Fifty years ago, Frank Sinatra and Antonio Carlos Jobim recorded the landmark album Francis Albert Sinatra & Antônio Carlos Jobim (Reprise), a collection of seductive bossa novas that kept Sinatra musically relevant during the onslaught of British rock during the latter part of the 1960s. The album features lush arrangements by Claus Ogerman; Diana Krall would later rip a page from the Sinatra/Jobim playbook to record her own bossa album, Quiet Nights (Verve), with Ogerman in 2009. Earlier this year, Universal Music Enterprises dropped a luxe, remastered version of the classic album to commemorate this inspired collaboration—but they weren’t the only ones wanting to pay homage.
Guitarist, singer, and producer John Pizzarelli met up digitally with Antonio Carlos’ Rio-based grandson, singer/pianist Daniel Jobim, this past January to record Sinatra & Jobim @ 50 for Concord Music Group. (According to the liner notes, Jobim recorded in Brazil, but it isn’t clear where Pizzarelli recorded. No matter.) Pizzarelli doesn’t include every tune from the original—he stays clear of “The Girl from Ipanema,” for instance—instead offering a nice mix of medleys and singles from the original, some other Antonio Carlos tunes, and a few originals. His arrangements feature a trio with occasional tenor sax rather than an orchestra, so right away his renditions are less formal, more open. And Daniel’s crisp vocals in luscious Portuguese feature more prominently than his grandfather’s vocals did on the original. In truth, the album is more Jobim than Sinatra, but it’s hard to imagine how more Jobim is a bad thing during the dog days of summer. Pizzarelli will appear at Birdland Aug 8-12.
Allegra Levy is the rare singer/songwriter who can channel the auteurs of the Great American Songbook. Her second album, Cities Between Us (SteepleChase Records) opens with “Cherry Blossom Song,” an engaging swing composition that shows off Levy’s talent for melding modern lyrics with a traditional jazz sonority, and closes with the title cut, an evocative poem set to a skyline-inspired soundscape. In between these two, Levy explores a panoply of emotions and jazz feels, strongly supported by trumpeter John McNeil’s dexterous arrangements. Levy also applies her considerable skills with a pen to two instrumental masterpieces: Duke Jordan’s haunting ballad “Lullaby of the Orient” and, in contrast, Dexter Gordon’s brisk and inviting “Soy Califa.” An auspicious talent.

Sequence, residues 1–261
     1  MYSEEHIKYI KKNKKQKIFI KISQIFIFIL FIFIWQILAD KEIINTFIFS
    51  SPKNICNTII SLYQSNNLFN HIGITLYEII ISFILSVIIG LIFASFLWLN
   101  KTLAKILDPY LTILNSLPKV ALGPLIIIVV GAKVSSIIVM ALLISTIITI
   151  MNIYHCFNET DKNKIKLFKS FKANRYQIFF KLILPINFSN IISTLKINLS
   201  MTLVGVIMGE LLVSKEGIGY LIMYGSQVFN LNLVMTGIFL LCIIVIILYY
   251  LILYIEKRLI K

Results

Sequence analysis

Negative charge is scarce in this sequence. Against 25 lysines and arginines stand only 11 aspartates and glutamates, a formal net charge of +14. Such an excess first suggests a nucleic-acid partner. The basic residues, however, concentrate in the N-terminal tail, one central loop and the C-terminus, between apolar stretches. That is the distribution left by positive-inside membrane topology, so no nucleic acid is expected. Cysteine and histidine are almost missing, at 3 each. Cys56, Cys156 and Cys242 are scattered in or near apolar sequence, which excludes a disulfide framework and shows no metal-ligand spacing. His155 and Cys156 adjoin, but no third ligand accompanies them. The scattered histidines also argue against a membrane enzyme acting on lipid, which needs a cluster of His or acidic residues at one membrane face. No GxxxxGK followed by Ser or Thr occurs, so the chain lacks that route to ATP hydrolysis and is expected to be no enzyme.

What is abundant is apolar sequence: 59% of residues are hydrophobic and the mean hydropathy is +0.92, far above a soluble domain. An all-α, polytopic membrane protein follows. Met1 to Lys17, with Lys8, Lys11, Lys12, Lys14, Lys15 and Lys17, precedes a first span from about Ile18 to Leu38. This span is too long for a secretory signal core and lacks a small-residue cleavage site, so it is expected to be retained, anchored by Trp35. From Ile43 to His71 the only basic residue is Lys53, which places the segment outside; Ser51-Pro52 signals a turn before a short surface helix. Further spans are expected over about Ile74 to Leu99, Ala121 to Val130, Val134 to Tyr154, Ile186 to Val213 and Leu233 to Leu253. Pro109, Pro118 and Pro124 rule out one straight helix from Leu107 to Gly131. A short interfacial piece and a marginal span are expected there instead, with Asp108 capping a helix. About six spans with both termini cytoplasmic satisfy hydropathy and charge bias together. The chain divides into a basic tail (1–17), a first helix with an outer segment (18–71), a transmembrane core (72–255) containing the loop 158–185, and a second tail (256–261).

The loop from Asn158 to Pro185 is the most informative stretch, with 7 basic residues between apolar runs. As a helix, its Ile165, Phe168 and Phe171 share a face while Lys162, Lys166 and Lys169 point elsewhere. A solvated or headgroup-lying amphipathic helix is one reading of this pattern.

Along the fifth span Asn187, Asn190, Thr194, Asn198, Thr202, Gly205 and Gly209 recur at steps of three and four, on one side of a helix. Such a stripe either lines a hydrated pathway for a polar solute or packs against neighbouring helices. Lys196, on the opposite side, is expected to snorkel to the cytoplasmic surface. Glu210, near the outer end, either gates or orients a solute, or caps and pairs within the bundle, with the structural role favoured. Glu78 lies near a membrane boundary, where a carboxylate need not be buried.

TCB Music has discovered another unreleased beauty: Swiss Radio Days Vol 43—Zurich 1950: Nat King Cole Trio, which presents Nat King Cole as the headliner on vocals and piano, along with the unusual backing of a guitar, bass, and bongos. The lineup of tunes contains several of the jazz standards that you’d expect (“Body and Soul” and “How High The Moon”), some instrumentals that you wouldn’t (“Bop Kick” and “Bluesology”), and only one of his pop hits (“Route 66”). The live recording is full of charming impromptu moments and amusing improvisations; Cole was an exceptional jazz pianist, a truth that his pop stardom often obscured. Among those that Cole inspired: Vocalist Sachal Vasandani will present a set honoring the life of Nat King Cole at JALC – Dizzy’s Club Coca Cola on Aug 1.
Producer Larry Klein was similarly inspired by Charlie Parker; so much so that he created “an impressionistic narrative” of Parker’s life using the sax virtuoso’s compositions, set with lyrics (by David Baerwald). An impressive array of vocal talent turned out to help create The Passion of Charlie Parker (Impulse/Verve): Madeleine Peyroux, Gregory Porter, Luciana Souza, Kurt Elling, and Melody Gardot among them. As it happens, this year Summerstage will celebrate the 25th anniversary of the Charlie Parker Jazz Festival. The uber-talented Charanee Wade will participate in the festival on Aug 26, followed by rising star Alicia Olatuja on Aug. 27.
Final notes: Vocalist/arranger MJ Territo will launch Ladies Day (Jollie Mollie), an album of tunes by female composers or lyricists, played by female instrumentalists, at Club Bonafide on Aug 17. Artists represented on the album include Iola Brubeck, Marian McPartland, Mary Lou Williams, Abbey Lincoln, Lorraine Feather, and Blossom Dearie, to single out just a handful. Territo reminds us that there are more where these came from. The VoxFest at Cornelia Street Underground promises an impressive lineup of singers again this year: Kelly Suttenfield, Peggy Chew, Anaïs Maviel, Leonid Galaganov, Alexis Marcelo, Vadim Neselovskyi, Aubrey Johnson, Júlia Karosi, and curator Deborah Latz, will explore the boundaries of vocal jazz Aug 21-23.
(Reprinted from August 2017 of The New York City Jazz Record.)